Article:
Getting Older Without Getting Old- Extending Your Riding Years
Part 3- Adding a Third Wheel
Sport Touring Corner
By Norm Kern
We’ve talked about adding riding years by trailering to events and transitioning to smaller lighter bikes. Some of you have been saying. “Why not stick with a full sized bike and just add a third wheel?” so this month we’ll discuss several kinds of three-wheelers from a sport touring perspective.
Trikes are today’s most popular three wheel vehicles. [Editor’s note: I don’t have any good trike pictures. Please feel free to add your own to the article layout.] They require less skill than a two wheel motorcycle- no need to balance as you ride and no need to hold them up when you stop. Plenty of room to carry stuff in the trunk too. Perfect? Well…
One of my favorite things about two wheeled motorcycles is that they are single track vehicles. On less-than-perfect roads, I can pick a single line that minimizes gravel, bumps, potholes etc. In comparison, a four wheel vehicle has two tracks, and being wider, has less movement within a lane available to avoid road defects. Trikes add a third- the front wheel’s track in the center of the lane. With three tracks, if there is a bump or pothole anywhere in your lane, at least one wheel will probably hit it.
If you’re riding the trike on an interstate and the bumps are expansion joints that go all the way across the lane it’s not as big a deal, but on back roads that’s rarely the case. When you encounter a bump or pothole on either side of the lane it pitches the trike from side to side. You can get a pretty good thrashing on any bumpy road.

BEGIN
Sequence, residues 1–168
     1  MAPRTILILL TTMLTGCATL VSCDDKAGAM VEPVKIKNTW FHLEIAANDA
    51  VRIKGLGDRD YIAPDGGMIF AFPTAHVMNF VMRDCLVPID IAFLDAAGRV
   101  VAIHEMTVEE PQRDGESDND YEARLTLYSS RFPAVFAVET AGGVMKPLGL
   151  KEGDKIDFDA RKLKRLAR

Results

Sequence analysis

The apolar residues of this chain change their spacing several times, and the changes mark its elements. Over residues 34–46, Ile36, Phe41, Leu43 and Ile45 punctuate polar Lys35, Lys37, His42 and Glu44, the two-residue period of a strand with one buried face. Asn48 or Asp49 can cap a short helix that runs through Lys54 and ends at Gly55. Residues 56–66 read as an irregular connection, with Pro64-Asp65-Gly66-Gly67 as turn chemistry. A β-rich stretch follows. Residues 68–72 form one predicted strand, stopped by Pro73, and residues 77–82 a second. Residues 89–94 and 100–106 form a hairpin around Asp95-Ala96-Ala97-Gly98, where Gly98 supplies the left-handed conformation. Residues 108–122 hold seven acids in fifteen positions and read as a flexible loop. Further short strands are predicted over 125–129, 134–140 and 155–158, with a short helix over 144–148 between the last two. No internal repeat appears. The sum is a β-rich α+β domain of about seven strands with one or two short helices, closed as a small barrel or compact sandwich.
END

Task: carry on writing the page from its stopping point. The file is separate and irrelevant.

Braking when you see a bump, patch of gravel, sharper than expected turn, etc, reveals a trike’s greatest weakness- the single wheel in the front is less stable than the two in the rear. When you decelerate or brake, weight transfers forward, moving from a more stable configuration of the rear wheels to a less stable single front one. This often happens at the moment you need to swerve to avoid an obstacle or realize you’re going too fast in a curve and want to decelerate. If one of the rear wheels of the trike starts to tip, the rider only has one choice- straighten out the path of travel- and that will never be in the direction they want to go. Because of this inherent instability, the only time you can apply hard braking is in a straight line on a relatively smooth road that has no significant crown. That is very limiting.
Sidecars have been around a long time. On paper they look worse than a trike- there’s only one driven wheel, and it’s on the left side, not even in the middle. The rider, most of the weight, etc, is all on the left side of the “vehicle” as well. How does this make any sense and how can you even control these things?
Location and toe-in of the sidecar wheel along with mounting the sidecar so the bike leans slightly away from it causes the bike to pull slightly to left, compensating for the weight and drag of the sidecar. This makes steering fairly light and straight at cruising speed.
Riding a sidecar outfit at a pace can be a lot of fun. Left hand turns are assisted by decelerating in the curve, slowing the motorcycle. The sidecar, with its own mass and momentum, tries to “pass” the motorcycle making the turn easier. The technique for right hand turns is the opposite- slow before the turn and then accelerate through it. If the sidecar wheel comes off the pavement in a right turn, the motorcycle’s two wheels are in a straight line, with the driving wheel still on the ground. You can steer, accelerate or brake, balancing the bike on its own two wheels- much more controllable than a trike in this situation.